30 Percent Fewer Cases Expected from UK Reporting Change
Savings of $8.6 million would result from one of the most important recommendations in the government's recent report to reduce the regulatory burden on employers.
One of the most important recommendations in Lord Young's Oct. 15 "Common Sense Common Safety" report for the British government about reducing regulatory burdens on UK employers was to change when lost-time injury cases must be reported. Current regulations say injuries must be reported after a worker is incapacitated for more than three consecutive days, but the report recommends changing to seven days. The impact, according to the Health and Safety Executive staff's Dec. 15 analysis, would be 30 percent fewer injury reports filed and $8.6 million saved during a 10-year period by employers and HSE (for the agency, savings result from reduced handling costs).
Most of the savings would come in the UK services sector because it is the source of most lost-time injury reports, the staff found. Analysis of 2008-2009 filings showed:
- More than half of the 105,000 three-day reports filed came from employers with more than 200 workers.
- Employers in the services sector filed 74 percent of the reports.
- Construction employers filed 6 percent of the reports, manufacturers filed 17 percent, and agriculture and extractive industries filed 1 percent each.
The staff concluded changing the requirement from three to seven days would not have a significant impact on HSE's investigative and enforcement work because the criteria it uses currently result in fewer than 1 percent of three-day injury reports being investigated.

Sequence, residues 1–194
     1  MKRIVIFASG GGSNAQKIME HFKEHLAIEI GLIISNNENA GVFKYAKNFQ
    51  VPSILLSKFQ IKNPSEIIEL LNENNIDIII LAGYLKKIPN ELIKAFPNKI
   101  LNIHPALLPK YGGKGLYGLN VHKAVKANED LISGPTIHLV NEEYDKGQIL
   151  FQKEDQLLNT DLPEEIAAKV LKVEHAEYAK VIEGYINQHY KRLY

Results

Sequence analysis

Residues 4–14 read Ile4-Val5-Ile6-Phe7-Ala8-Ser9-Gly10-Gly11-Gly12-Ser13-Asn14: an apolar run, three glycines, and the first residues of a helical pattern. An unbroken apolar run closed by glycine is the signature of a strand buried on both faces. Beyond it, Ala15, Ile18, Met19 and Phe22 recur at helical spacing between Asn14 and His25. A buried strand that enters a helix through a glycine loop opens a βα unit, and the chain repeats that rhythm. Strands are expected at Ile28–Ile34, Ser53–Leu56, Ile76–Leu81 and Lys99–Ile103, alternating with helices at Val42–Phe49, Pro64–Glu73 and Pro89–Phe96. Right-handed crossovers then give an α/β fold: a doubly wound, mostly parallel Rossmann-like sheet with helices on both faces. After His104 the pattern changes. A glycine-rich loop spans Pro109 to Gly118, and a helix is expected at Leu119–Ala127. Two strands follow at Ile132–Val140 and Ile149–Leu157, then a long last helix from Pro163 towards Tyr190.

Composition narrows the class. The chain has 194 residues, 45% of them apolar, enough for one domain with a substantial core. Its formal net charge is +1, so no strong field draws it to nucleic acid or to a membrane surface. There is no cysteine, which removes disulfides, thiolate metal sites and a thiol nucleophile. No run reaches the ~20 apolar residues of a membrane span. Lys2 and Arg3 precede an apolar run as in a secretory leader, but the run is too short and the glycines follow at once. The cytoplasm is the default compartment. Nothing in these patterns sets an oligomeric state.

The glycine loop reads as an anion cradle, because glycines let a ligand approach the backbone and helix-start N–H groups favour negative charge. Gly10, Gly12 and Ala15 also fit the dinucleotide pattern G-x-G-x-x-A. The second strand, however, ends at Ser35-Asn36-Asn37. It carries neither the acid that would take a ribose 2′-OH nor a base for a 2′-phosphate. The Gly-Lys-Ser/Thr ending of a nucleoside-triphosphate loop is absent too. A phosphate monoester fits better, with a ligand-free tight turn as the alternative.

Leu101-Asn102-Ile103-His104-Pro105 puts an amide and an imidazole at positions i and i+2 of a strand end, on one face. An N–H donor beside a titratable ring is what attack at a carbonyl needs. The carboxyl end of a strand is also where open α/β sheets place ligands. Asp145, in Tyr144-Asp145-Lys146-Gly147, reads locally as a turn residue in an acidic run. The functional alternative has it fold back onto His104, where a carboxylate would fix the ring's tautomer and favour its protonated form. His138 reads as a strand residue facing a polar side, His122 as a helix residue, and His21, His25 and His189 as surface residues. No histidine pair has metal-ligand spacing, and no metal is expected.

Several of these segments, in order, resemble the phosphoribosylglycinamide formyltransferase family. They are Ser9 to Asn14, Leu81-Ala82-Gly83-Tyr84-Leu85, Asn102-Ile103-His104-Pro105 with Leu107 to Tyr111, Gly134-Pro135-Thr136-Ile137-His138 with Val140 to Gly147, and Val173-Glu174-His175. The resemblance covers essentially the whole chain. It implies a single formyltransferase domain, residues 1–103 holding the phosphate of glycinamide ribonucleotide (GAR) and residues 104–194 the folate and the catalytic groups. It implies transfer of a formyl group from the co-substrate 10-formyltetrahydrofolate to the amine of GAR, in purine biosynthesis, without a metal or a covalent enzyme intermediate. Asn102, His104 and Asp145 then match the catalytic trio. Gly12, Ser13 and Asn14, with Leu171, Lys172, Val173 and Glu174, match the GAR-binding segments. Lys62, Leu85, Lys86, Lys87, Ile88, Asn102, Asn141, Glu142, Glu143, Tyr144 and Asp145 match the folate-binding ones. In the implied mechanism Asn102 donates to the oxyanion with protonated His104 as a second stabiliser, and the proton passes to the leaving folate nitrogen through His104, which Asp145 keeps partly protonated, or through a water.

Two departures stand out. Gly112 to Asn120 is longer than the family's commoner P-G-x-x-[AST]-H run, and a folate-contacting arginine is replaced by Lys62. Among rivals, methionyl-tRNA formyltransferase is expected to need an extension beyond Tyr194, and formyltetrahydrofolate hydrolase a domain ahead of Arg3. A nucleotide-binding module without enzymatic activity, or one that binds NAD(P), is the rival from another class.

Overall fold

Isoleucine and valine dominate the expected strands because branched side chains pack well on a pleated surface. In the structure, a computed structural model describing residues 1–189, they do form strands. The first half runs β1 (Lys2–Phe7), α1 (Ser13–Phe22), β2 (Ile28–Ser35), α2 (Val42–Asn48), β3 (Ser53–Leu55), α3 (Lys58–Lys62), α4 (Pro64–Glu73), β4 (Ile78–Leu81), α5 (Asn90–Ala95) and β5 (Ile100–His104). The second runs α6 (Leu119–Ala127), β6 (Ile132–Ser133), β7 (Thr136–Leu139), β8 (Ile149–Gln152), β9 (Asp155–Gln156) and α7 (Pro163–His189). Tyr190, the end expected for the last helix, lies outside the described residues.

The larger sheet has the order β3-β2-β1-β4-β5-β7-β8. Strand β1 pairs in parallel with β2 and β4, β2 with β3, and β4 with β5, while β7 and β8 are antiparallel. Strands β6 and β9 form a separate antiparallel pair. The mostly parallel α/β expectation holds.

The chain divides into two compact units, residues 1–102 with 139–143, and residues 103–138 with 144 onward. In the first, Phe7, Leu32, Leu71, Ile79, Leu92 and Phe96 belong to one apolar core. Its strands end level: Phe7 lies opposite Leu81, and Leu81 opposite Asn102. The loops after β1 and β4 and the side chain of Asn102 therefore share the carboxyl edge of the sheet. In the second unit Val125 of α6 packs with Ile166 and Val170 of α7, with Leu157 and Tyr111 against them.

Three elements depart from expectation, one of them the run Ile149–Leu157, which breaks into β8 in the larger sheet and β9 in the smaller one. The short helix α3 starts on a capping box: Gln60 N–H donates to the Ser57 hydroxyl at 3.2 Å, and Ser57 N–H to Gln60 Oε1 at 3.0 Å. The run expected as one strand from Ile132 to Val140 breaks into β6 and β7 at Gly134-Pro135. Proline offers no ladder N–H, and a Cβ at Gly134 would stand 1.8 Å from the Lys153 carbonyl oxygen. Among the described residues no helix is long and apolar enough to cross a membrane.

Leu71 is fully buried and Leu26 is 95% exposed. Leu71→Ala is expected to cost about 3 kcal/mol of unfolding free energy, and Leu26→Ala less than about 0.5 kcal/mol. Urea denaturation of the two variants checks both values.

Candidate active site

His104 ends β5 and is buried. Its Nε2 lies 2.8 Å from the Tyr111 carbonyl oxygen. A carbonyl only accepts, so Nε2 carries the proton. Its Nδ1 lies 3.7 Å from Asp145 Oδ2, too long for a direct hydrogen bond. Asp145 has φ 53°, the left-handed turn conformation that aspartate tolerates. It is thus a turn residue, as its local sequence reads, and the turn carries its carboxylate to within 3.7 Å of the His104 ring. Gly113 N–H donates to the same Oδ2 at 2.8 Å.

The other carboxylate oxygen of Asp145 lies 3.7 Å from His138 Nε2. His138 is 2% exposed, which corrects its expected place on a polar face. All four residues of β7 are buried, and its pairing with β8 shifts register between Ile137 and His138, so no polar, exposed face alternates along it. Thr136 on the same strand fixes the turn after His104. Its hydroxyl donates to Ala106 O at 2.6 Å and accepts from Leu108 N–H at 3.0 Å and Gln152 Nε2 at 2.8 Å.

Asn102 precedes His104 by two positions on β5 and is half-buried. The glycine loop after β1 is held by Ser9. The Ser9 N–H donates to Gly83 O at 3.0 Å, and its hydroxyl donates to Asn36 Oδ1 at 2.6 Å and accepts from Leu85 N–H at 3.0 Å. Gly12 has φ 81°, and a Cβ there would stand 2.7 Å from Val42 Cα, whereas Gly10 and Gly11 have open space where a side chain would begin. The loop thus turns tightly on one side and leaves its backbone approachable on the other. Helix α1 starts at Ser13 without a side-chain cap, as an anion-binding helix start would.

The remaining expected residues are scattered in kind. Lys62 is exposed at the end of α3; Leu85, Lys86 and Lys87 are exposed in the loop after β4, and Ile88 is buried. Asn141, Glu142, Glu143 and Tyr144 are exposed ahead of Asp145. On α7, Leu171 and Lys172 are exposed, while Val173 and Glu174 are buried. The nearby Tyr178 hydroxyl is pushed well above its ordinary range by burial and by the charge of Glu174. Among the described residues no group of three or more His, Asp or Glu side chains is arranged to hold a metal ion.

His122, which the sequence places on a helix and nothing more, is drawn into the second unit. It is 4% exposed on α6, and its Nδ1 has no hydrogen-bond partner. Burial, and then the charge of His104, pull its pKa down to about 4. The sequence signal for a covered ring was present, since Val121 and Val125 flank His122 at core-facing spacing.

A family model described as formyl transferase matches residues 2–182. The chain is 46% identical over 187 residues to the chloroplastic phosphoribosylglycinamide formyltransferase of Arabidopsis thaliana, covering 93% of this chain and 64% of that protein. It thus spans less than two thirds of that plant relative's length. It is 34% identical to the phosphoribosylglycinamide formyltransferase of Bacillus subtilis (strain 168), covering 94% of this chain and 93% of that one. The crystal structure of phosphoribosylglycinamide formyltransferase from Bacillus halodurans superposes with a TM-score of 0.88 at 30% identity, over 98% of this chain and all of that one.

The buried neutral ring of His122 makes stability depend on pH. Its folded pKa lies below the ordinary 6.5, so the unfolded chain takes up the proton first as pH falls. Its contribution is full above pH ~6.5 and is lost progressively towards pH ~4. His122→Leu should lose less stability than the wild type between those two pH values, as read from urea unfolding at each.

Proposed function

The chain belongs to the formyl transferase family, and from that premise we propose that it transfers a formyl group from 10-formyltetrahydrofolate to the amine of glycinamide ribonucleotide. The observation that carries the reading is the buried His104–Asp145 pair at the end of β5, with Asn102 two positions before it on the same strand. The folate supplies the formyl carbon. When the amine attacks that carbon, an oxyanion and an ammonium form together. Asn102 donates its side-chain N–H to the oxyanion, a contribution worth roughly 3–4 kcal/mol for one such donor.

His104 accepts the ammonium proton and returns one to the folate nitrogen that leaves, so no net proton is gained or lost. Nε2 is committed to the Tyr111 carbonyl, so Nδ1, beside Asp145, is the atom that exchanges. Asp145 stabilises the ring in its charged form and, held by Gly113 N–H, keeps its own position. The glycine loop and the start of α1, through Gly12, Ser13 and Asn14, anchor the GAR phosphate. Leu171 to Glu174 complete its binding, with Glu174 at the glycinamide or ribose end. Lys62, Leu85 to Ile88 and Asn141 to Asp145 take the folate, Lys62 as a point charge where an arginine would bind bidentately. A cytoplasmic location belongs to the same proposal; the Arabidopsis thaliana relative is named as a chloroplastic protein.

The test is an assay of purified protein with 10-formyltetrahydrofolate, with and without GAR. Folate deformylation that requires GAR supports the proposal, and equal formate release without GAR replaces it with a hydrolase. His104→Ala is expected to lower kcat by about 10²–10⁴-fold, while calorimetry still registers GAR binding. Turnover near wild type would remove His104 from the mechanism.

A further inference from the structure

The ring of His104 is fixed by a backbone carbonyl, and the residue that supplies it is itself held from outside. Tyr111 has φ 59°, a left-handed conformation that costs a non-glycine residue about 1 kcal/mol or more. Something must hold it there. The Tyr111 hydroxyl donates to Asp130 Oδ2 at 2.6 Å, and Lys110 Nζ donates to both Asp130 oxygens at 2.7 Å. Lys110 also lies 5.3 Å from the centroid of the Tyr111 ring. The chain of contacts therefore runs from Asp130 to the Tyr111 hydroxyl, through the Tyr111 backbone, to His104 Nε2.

"Overall the proposed amendment will not weaken enforcing authorities' abilities to investigate and enforce in response to serious individual incidents and promote occupation health and safety," the analysis stated. "The reduction in the amount of data received due to the fewer number of lost time injury reports is not expected to significantly affect the quality of the data for intelligence purposes to target enforcing authorities' activities."
The staff proposed an implementation schedule that would begin a public comment period on Jan. 17, 2011, and would put the changes into effect either Oct. 1, 2011, or April 6, 2012. One year later, an evaluation will assess whether the policy objectives of the changes have been met.